Signature Sponsor
Companies Will Hire Workers, Resume Production at Four Kentucky Coal Mines



November 2, 2021 - Companies tied to West Virginia Gov. Jim Justice plan to resume coal production at several surface mines in Eastern Kentucky, including two where state regulators argue Justice missed deadlines to finish reclamation, according to the president of the companies. 


Jim Justice’s son Jay, president of the Justice Companies, said companies have begun work to start producing coal at the Bevins Branch and Beech Creek mines in Pike County, the Bull Creek mine in Knott County and the Infinity mine in Harlan County. 

When all four are up and running, they will employ 120 people in mining jobs and another 30 in support positions, Jay Justice said. 

The mining also will produce tax revenue for the state and local governments and help get reclamation done, Justice said. 


“It’ll do a lot of good on a lot of fronts,” Justice said Monday. 

The Infinity and Bevins Branch mines were among five covered under a 2019 agreement to settle a lawsuit by the state against Jim and Jay Justice and several family coal companies. 

The Kentucky Energy and Environment Cabinet argued in the lawsuit that the Justices had reneged on a prior agreement to fix environmental and reclamation problems at mines. The work included cleaning out ponds designed to keep sediment out of streams, stabilizing landslides, monitoring water quality and eliminating highwalls. 

Highwalls are cliffs left when a company cuts into the side of a mountain to reach coal. Federal law requires restoring the approximate original contour of the slope. 

Companies affiliated with West Virginia Gov. Jim Justice had not properly reclaimed several Eastern Kentucky coal mines. This photo shows a highwall, or cliff, the state said was not reclaimed as required.

Photo: Kentucky Energy and Environment Cabinet 

The 2019 deal set deadlines for the Justice companies to finish reclamation. It also required the companies to put up a $2.9 million letter of credit the state could take if the Justices defaulted on the agreement, though they could get back that money if they maintained a sufficient number of workers in Kentucky.

In late September, the cabinet filed a motion arguing the Justices companies had missed deadlines in the deal. 

For instance, work at the Infinity mine was supposed to be done by June 30, 2020, but a cabinet official said in September that the companies hadn’t done any reclamation since the deal was filed in October 2019 and that more than a mile of highwall remained. 

The state moved to collect the $2.9 million included in the deal, plus interest that could drive the total significantly higher; revoke permits at five Justice mines; forfeit the reclamation money posted for them; require the companies to finish the work; and block Justice companies from getting new permits or revising current permits until the violations were fixed. 


Attorneys for the Justices said in response that the state’s request is “overly harsh,” unfair and not consistent with the law. 

The Justice companies said that the coronavirus pandemic that slammed the U.S. and world economies beginning in early 2020 had made it impractical, if not impossible, to meet all the deadlines under the 2019 deal. 

The price of steam coal, used in generating electricity, dropped from $70 to $30 a ton and the Justice companies lost one of their biggest markets in Asia in late 2019 because of the pandemic, meaning less money for reclamation, the companies said in a court document.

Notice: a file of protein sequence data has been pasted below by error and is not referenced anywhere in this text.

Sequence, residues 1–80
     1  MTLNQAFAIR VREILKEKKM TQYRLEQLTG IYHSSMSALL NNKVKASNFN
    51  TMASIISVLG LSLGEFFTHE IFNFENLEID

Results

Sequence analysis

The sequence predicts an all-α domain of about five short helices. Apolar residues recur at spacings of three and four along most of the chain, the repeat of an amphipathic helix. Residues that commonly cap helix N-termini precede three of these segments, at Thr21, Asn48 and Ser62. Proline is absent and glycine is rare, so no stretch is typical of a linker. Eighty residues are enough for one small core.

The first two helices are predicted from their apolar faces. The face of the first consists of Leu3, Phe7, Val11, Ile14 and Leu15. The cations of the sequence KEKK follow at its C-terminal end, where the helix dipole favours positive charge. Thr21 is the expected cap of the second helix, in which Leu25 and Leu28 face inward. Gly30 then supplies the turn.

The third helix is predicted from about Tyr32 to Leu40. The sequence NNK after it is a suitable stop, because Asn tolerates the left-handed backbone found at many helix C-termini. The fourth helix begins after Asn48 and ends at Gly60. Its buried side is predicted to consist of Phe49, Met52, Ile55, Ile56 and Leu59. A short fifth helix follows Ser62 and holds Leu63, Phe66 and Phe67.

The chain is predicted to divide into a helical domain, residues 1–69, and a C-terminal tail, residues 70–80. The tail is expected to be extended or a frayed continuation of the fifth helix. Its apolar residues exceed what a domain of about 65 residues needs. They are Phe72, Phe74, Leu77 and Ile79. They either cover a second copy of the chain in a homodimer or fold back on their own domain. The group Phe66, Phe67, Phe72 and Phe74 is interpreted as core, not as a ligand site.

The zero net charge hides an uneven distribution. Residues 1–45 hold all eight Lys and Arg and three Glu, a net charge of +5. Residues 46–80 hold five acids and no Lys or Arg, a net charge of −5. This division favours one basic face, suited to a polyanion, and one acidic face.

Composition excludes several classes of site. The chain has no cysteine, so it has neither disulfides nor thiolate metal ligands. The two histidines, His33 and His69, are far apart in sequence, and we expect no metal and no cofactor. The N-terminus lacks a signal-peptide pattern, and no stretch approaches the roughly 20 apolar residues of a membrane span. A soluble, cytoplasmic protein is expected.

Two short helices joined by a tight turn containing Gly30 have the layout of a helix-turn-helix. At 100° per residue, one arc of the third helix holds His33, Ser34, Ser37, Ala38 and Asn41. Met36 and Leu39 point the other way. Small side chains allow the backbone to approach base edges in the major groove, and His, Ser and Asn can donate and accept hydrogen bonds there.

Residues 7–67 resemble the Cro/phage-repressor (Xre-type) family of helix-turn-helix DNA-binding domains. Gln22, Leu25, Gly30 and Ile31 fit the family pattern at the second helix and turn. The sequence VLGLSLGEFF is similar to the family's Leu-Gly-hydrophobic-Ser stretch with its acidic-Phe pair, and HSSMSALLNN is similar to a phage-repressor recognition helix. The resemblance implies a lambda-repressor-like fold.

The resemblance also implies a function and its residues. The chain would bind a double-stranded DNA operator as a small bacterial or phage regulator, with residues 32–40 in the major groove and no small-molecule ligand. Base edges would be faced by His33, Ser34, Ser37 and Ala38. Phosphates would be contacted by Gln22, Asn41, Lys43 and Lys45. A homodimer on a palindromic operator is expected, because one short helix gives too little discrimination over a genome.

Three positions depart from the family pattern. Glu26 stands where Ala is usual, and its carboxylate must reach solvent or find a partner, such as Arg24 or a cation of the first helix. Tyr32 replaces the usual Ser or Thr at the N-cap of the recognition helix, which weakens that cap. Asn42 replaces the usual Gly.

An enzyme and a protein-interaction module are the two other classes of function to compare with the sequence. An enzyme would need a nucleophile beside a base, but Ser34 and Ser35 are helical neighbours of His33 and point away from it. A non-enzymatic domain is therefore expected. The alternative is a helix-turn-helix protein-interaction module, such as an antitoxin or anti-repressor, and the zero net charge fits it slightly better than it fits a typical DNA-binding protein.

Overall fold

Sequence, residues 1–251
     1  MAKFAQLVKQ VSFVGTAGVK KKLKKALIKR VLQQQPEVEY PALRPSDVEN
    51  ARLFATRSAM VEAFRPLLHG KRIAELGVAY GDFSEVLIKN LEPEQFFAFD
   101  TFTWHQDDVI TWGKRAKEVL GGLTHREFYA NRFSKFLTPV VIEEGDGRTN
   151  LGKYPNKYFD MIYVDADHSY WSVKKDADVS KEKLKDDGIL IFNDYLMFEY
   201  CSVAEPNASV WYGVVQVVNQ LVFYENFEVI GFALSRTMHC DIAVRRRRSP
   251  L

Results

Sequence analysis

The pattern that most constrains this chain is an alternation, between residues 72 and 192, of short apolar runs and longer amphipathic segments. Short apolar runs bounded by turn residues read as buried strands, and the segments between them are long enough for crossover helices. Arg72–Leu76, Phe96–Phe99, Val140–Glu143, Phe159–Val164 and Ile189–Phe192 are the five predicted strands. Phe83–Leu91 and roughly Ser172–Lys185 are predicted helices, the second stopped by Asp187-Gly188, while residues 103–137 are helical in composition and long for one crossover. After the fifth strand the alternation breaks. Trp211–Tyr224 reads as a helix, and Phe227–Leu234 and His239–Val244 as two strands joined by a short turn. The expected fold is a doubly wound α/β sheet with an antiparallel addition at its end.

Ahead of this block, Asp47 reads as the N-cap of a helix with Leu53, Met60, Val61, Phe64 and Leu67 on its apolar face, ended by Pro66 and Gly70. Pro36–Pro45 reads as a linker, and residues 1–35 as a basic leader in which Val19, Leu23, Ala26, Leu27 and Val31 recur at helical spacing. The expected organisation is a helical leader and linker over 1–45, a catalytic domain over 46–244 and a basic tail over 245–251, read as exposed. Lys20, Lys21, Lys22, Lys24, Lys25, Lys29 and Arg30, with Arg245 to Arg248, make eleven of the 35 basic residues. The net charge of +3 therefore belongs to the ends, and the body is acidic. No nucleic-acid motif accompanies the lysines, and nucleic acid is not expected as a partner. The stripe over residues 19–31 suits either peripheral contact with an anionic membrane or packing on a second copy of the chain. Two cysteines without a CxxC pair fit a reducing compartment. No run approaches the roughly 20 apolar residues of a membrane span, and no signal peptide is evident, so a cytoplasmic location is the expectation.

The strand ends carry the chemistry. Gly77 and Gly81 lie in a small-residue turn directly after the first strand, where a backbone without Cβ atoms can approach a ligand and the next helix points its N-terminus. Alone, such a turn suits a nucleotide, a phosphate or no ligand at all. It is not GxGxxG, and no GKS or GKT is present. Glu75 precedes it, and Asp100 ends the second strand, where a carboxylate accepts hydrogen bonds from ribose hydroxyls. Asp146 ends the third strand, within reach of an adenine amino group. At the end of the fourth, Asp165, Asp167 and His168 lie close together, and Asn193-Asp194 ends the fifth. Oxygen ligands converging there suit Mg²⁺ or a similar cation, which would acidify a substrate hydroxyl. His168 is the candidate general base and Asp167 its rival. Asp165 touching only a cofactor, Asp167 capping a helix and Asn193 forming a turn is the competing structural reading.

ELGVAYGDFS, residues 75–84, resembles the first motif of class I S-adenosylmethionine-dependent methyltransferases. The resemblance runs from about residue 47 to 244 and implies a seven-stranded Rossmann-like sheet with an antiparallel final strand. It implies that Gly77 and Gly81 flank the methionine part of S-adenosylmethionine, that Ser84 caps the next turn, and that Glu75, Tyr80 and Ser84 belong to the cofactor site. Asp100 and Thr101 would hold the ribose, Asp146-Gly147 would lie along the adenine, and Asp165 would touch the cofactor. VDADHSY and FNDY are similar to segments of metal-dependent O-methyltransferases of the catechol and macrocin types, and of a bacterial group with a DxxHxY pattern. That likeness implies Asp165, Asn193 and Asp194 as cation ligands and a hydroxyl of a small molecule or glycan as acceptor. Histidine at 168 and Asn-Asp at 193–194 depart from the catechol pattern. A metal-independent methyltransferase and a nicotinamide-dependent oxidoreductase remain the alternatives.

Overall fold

“We just got blasted by the covid thing,” Justice said. 

Nationwide, coal employment bottomed out at 38,000 in April 2020, according to the U.S. Bureau of Labor Statistics. 

An attorney for the Justices contacted state regulators in 2020 about the downturn and proposed using the $2.9 million set aside as a potential penalty payment to instead finance reclamation work. 

The state turned down that idea, saying the $2.9 million was to cover civil penalties levied under a prior agreement — which the companies didn’t meet — and that the cabinet didn’t want to release it for work the companies were already required to do. 

The coal market has improved considerably this year, aided by the economic recovery and higher prices for natural gas, which competes with coal for power-plant customers. 

The upturn is the catalyst to start running coal at the four mines in Eastern Kentucky, Justice said Monday. 

Coal production in Eastern Kentucky was up nearly 46 percent in the April-to-June quarter compared to the same time a year earlier, and jobs had picked up by 3.57 percent. 

Justice said there are plans in place to finish the reclamation required under the 2019 deal and that now is a good time to do it because of the market improvement, but it will take a little more time. 

He said in a letter to a state official in late October that the companies could finish work at the Bevins Branch mine by April 1 and at the Infinity mine by April 20. 

“We’re not trying to get out of a liability at all,” Justice said. 

However, state attorneys said in a court document that the Justice companies missed a deadline to finish reclamation work at one mine in late 2019, before the pandemic hit the U.S. Citing the pandemic in that case is disingenuous because the company hadn’t done any work to reclaim the mine in four years, the cabinet said. 

The companies had a responsibility to finish the reclamation whatever the economic conditions, the cabinet argued. 

The state doesn’t benefit from the Justice companies’ practice of obtaining mine permits “then leaving violations unabated and the permits unreclaimed for years while they evade enforcement and ask repeatedly for extensions of time to do the reclamation work that the law requires,” state attorneys said.